Green men! Yes, apparently they do exist. But it would be wrong to call them green men. They are like humans but not from this earth at all. And their skin is a pale green.”
On February 16, 1966, listeners across Bengal heard about them on radio from not one or two, but four experts — Premendra Mitra, Adrish Bardhan, Dilip Roy Chowdhury and Satyajit Ray — all famous in the world of art and literature.
Mitra meets a man named Hermann Gill on a Belgian seashore who warns him of green men fomenting trouble everywhere from shipwrecks in the Sargasso Sea to civil wars. Bardhan gets a letter from a medical representative who finds a suitcase with documents that spell doom for mankind, left behind on a train by a mysterious green-skinned man. An Indian scientist in New York stumbles upon unsettling facts in a pharma company researching a tranquilliser to eliminate communal hatred according to Roy Chowdhury. Ray encounters a philosophy professor who has met ‘superhumans’ who rubbish dreams of world peace as they prepare to seize control of the world. When he cuts his hand, his blood is green.
A listener wrote in from Kolkata — “Many are stunned at the news that green men have spread all over the world. The news spread rapidly. I said this was not news, this was radio fantasy on a literary programme. But they were dubious. It sounded like eye-witness accounts.”
The four had come up with the idea of a chain story to popularise sci-fi in Bengal. Each wrote a story about little green men. They did not consult each other but the stories spookily fit together in an unsettling fashion in a world that already felt off kilter with the war in Vietnam and civil rights struggles in the U.S.
Then, for over 50 years the green men disappeared.
Bardhan, the man who coined the Bengali word for sci-fi, died this year, the last of the foursome. Ashchorjyo, the first real sci-fi magazine in Bengali, folded. Science fiction itself receded from the Bengali literary scene. All India Radio re-recorded something over the original tape. Bardhan said his own copy had got spoiled.
Enter the sci-fi detectives of the 21st century. The aficionados behind Kalpabiswa, a Bengal webzine trying to revive sci-fi, came across an old Grundig spool tape among Bardhan’s belongings. They realised it was not the tape that had been spoiled but the tape recorder. They took the spool tapes, each three hours long, to Kolkata’s Jadavpur University School of Cultural Texts and Records, which has been resuscitating old recordings of classical music. And the voice of the All India Radio announcer crackled to life once again from tapes that had come perilously close to being junked.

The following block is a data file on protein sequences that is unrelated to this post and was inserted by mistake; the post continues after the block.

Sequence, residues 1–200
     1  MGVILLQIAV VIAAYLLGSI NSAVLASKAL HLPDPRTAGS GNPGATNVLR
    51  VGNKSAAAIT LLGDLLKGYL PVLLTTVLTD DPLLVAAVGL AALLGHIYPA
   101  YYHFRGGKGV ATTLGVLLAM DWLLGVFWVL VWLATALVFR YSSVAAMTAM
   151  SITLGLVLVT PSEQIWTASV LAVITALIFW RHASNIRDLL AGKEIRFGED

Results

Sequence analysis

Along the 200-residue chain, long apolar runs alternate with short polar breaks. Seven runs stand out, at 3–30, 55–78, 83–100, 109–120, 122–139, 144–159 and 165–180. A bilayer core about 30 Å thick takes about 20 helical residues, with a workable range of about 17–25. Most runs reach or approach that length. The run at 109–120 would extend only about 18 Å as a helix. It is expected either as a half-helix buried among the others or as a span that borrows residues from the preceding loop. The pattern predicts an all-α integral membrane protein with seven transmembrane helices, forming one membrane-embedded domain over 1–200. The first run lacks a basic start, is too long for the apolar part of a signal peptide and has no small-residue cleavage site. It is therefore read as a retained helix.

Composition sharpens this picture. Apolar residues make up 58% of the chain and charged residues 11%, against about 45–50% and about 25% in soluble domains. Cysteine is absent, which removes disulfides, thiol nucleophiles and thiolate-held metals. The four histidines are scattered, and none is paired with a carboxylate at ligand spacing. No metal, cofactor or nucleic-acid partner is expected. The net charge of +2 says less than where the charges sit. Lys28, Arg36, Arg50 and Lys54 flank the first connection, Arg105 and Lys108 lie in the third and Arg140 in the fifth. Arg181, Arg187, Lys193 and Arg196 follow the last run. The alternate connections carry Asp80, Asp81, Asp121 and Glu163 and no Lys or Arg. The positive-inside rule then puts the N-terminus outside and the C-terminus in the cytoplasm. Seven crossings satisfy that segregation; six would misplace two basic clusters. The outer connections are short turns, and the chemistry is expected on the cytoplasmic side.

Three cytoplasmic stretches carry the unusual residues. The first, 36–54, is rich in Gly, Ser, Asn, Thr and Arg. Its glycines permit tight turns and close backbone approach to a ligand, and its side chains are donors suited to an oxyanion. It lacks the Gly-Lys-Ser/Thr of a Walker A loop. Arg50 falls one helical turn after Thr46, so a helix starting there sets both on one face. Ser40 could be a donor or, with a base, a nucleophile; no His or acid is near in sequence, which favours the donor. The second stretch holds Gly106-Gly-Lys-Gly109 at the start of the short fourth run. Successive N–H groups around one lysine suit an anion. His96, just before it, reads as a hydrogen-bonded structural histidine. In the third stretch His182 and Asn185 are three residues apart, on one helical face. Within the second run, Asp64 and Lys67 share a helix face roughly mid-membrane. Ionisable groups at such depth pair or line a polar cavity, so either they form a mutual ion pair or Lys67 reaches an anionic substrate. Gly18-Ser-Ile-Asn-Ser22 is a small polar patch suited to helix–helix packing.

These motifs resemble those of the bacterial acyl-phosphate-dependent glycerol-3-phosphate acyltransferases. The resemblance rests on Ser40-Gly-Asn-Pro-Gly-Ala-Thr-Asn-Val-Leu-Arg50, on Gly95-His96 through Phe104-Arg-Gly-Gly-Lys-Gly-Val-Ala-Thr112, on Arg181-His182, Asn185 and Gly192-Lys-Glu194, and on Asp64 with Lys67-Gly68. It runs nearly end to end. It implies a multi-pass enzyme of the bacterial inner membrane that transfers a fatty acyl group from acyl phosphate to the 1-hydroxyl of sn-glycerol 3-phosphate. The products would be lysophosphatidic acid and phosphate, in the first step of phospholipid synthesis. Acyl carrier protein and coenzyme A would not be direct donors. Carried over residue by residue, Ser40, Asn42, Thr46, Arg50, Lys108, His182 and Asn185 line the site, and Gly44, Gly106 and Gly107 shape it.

“Akashvani Kolkata. It is now 18 seconds past 8 at night on our clock. This programme is being broadcast on 447.8 and 90.77 metres… Today’s programme is titled Green Men.”
I heard the voice in a crowded bookstore in Kolkata one recent monsoon evening. Every nook and cranny was full, many sci-fi lovers in attendance were born long after that historic broadcast. There was tea and biscuits and chatter. But when the lights were dimmed, everyone fell quiet, teleported to 1966. Dilip Roy Chowdhury’s daughter was there, listening to her father’s voice, eyes shut. Bardhan’s nephew, a Bengali steampunk author, was listening avidly to his uncle. When Ray’s familiar baritone came on, everyone gasped. Someone followed the story along in print in the book Sabuj Manush,
released just that day by Kalpabiswa, an anthology with not just those four stories but a world of related stories, plays and even poems about green aliens that sprang up around it.
We were transported to another time. But was it another time really? The cover of the new book is like a comic strip, a mini graphic novel where the four masters, including Ray with his trademark cigarette, wonder about all the upheaval going on in the world in 1966. Was all the conflict and hatred sheer coincidence, they ask each other. Or were there green aliens hidden among them pulling the strings?
Now we live in a world where we wonder who among us are ‘aliens’ in Assam, who is anti-national in Kashmir, even though they look like the rest of us. Somewhere a President no one thought would be President undoes the world order with just a tweet, lynch mobs raid refrigerators, and the Amazon burns.
In Sabuj Manush, there were foolproof ways to spot the aliens — they had olive skin and green blood and their hands extended below the knees. But now the ‘green men’ tearing the world apart at the seams look just like us. What do we do when we have no green aliens to blame, but just ourselves?
The writer is author of Don’t Let Him Know, and like many Bengalis, likes to let everyone know about his opinions whether asked or not.